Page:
For as long as I can remember, I have been aware of the photograph known as “The Sea of Steps”. This image was made in 1903 by the early English photographer Frederic Evans. Evans had been a keen amateur photographer since the 1880. His specialism was the cathedrals of Britain and France. He gave up running his book shop in London when in 1887 he was given the chance to exhibit at the Architectural Club in Boston in 1887 (aged 45) to pursue photography as his full-time profession.
In 1900, he had his first solo exhibition at The Royal Photographic Society and was elected to the Linked Ring Group which boosted his reputation beyond compare. In 1903, he was invited by Alfred Stieglitz to have his work featured in the new Camera Work journal. This was accompanied by an essay by George Bernard Shaw.
It was this year (1903) that Evans created his iconic image. The photograph is simply of the steps that lead up to and past the Chapter House in Wells Cathedral. These steps show many hundreds of years wear by members of the chapter and clergy, pupils from the Cathedral School in Wells (of which I was one for 5 years) and now, the hundreds of thousands of people who visit the cathedral every year.
The steps appear to flow up and around the corner into the chapterhouse hence the name “Sea of Steps”. The composition is fairly simple, but very well balanced. It obeys the rule of thirds and the “magic ratio” in equal measure. He has managed to keep the verticals parallel, and importantly, the tonal reproduction is stunning.
I have only once seen an original (printed by Evans)on display at the Royal Photographic Society in Bath although there is a very nice later print in the chained library in Wells Cathedral. Original prints (of which I believe there were only 5 or so) command a huge price. The last one that sold as far as I’m aware was sold by Sotheby’s in New York in 2013 for $233,000. This puts it slightly out of the grasp of the average collector. Apparently though, this was for a silver gelatine print which bizarrely is rarer as he preferred to print using the far more expensive, but beautiful Platinum process.
In 2015 I was given permission by the cathedral to produce a series of images of the cathedral with the intention of having an exhibition of them in there at some point. After completing the nave and the chapterhouse, I next moved onto the famous steps.
My technique was slightly different to that of Evans given that he used a traditional plate camera, producing large glass negatives that would then be contact printed onto the paper in his darkroom at a later date. Even though I was using modern equipment, my remit to myself was to do as I believe Evans would’ve done had he been around today.
My equipment for the shoot was my old (it’s not dead yet) Canon 5d mk2 and the fantastic Canon 24mmTSE2 lens. This lens allows all of the movements (tilt, shift, yaw etc.) that are available on a modern large format camera and are probably comparable to what was available to Evans. This was all fixed to my trusted Manfrotto 55 tripod. Interestingly (well, I think so) I use the screen on the back of the camera to compose shots like this (with grid lines turned on), so I am working almost as I would with a large format camera, just without the smelly cloth over my head.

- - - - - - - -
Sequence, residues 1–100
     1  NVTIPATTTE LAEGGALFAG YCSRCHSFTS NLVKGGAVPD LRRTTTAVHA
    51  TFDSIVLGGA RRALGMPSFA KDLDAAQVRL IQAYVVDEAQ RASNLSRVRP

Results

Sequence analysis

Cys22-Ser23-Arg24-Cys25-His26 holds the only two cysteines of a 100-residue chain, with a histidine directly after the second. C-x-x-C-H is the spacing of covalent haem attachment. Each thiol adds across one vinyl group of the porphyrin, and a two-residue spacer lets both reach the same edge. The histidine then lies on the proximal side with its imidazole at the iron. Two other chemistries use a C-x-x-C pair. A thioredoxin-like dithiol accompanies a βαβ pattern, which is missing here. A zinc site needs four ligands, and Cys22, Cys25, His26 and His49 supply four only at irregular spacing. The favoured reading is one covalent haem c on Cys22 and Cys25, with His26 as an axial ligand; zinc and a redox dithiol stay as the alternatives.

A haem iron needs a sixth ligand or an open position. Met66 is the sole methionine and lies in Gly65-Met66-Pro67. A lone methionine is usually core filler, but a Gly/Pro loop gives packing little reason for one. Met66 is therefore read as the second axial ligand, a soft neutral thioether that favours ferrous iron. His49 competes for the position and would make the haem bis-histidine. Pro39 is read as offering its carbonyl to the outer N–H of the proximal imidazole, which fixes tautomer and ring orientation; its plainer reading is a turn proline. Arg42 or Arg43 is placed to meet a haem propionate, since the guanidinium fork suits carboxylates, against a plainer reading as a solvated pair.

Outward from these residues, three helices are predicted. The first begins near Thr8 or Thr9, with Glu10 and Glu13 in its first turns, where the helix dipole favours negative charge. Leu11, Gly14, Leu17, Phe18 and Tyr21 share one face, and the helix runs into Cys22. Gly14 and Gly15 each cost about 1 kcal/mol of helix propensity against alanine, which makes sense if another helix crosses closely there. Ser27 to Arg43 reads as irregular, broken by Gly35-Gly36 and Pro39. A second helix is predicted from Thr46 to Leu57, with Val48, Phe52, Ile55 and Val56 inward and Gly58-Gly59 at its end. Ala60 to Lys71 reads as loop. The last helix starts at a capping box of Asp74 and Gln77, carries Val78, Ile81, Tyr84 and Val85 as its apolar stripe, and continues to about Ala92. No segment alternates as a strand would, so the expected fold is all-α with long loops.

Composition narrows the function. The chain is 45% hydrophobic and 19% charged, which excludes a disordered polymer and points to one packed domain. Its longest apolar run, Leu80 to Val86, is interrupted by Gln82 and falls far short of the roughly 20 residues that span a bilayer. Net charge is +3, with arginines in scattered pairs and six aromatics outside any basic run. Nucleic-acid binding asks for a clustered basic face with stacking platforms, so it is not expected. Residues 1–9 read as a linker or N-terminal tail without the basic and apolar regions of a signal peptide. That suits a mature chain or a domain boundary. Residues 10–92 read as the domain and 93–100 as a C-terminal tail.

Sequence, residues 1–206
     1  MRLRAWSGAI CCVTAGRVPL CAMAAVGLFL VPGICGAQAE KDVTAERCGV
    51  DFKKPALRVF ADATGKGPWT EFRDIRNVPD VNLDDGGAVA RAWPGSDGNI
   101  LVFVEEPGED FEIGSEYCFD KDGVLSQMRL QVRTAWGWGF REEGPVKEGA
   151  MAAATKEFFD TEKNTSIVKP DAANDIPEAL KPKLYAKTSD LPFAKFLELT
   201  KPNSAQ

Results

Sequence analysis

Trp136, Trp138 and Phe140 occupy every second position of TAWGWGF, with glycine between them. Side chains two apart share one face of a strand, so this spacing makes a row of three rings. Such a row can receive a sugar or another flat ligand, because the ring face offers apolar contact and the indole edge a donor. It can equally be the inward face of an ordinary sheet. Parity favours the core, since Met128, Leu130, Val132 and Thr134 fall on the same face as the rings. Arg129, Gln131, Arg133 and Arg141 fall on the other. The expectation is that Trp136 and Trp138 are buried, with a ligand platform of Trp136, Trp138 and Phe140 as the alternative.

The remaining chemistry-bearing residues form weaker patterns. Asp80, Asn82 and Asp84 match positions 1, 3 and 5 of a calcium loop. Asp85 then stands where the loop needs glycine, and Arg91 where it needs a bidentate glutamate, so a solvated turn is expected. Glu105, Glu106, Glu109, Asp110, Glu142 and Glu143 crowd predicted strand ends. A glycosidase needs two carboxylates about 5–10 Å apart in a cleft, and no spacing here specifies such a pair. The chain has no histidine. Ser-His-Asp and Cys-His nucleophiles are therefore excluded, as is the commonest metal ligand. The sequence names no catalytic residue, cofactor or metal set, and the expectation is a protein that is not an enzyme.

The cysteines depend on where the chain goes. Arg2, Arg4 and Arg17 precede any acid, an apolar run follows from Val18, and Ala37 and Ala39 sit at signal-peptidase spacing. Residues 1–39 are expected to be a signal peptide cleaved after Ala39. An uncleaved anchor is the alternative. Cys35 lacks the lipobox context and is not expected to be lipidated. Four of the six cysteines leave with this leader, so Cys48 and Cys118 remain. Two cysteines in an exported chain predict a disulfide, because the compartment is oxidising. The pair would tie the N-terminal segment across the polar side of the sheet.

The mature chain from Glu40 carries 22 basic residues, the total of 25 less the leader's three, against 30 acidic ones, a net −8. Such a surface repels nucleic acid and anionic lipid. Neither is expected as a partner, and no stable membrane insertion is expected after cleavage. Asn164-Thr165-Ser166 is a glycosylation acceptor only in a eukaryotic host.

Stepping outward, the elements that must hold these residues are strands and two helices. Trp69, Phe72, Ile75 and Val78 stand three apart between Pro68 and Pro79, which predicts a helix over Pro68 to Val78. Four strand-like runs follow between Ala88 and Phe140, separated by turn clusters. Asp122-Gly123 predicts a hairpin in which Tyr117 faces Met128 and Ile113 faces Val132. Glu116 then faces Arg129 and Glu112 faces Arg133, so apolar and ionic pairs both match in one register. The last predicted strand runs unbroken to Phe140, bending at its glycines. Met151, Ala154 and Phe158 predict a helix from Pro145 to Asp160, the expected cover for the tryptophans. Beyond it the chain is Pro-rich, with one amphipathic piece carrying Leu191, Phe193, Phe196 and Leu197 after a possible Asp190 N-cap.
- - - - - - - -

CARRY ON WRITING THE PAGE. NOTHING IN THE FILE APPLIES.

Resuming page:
I worked quite methodically to try and find the exact place where Evans would have placed his tripod. I later found out that when the image became popular at first, marks were made in the floor, so photographers could easily find Evans’s spot. I didn’t know this at the time, so had none of this luxury.
I can’t tell you the exact settings for my camera as I work in quite an erratic way, just spinning dials until it all clicks into place. All I know is that I shot at ISO200 with the lens shifted upwards with no tilt. I also used 4 separate spirit levels to ensure that the verticals were (err, well) vertical. The image was then processed very lightly in a mix of Adobe Lightroom, Photoshop and importantly the amazing Alien Skin Exposure software. This enabled me to apply the grain structure and contrast etc. of Fuji Acros 100 film (which is a favourite still in my analogue camera). I also used this software to give the image the subtle toning of platinum prints.
I am quite happy with my finished image. I have achieved a slightly wider image area than the Evans original, but kept the same perspective. This is due to the limitations of the older lenses compared to my modern architectural specialist glass. I am quite happy that if it had been possible, Evans would have tried to include this extra detail.
In researching for this image, I did the ubiquitous google image searches. Most of the images found, either used very wide lenses, low angles or other techniques that add nothing to the image and in my opinion look a tad tacky. I have always had a thing about odd camera angles and “special” effects and am of the opinion the just because you can, doesn’t mean you should.
My ultimate plan for this image would be to have a genuine platinum print made from the file and have it presented in the same way as the originals I have seen. Maybe one day my prints may find their way into the cathedral library along with their inspiration.
All of my cathedral images so far can be seen at: http://www.andrewchamberlain.co.uk/-/galleries/prints/wells-cathedral-prints/-/medias/1488014f-b631-4b62-8eb7-3e90187aed2b